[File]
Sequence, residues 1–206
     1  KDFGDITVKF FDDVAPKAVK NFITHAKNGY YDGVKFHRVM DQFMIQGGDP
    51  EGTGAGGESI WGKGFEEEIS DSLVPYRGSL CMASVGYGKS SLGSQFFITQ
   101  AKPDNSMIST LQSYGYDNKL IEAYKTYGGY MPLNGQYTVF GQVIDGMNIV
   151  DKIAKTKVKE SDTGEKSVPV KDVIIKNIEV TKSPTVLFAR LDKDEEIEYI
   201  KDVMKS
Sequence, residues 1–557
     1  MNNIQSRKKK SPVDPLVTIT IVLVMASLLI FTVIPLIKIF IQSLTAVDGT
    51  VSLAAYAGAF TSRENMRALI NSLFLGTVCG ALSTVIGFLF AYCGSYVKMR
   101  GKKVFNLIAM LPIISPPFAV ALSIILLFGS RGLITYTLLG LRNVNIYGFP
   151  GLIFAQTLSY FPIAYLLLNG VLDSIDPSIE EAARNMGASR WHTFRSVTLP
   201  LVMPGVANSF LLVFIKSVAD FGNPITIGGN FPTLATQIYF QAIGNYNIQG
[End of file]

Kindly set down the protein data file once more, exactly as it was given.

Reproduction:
Sequence, residues 1–206
     1  KDFGDITVKF FDDVAPKAVK NFITHAKNGY YDGVKFHRVM DQFMIQGGDP
    51  EGTGAGGESI WGKGFEEEIS DSLVPYRGSL CMASVGYGKS SLGSQFFITQ
   101  AKPDNSMIST LQSYGYDNKL IEAYKTYGGY MPLNGQYTVF GQVIDGMNIV
   151  DKIAKTKVKE SDTGEKSVPV KDVIIKNIEV TKSPTVLFAR LDKDEEIEYI
   201  KDVMKS
Sequence, residues 1–557
     1  MNNIQSRKKK SPVDPLVTIT IVLVMASLLI FTVIPLIKIF IQSLTAVDGT
    51  VSLAAYAGAF TSRENMRALI NSLFLGTVCG ALSTVIGFLF AYCGSYVKMR
   101  GKKVFNLIAM LPIISPPFAV ALSIILLFGS RGLITYTLLG LRNVNIYGFP
   151  GLIFAQTLSY FPIAYLLLNG VLDSIDPSIE EAARNMGASR WHTFRSVTLP
   201  LVMPGVANSF LLVFIKSVAD FGNPITIGGN FPTLATQIYF QAIGNYNIQG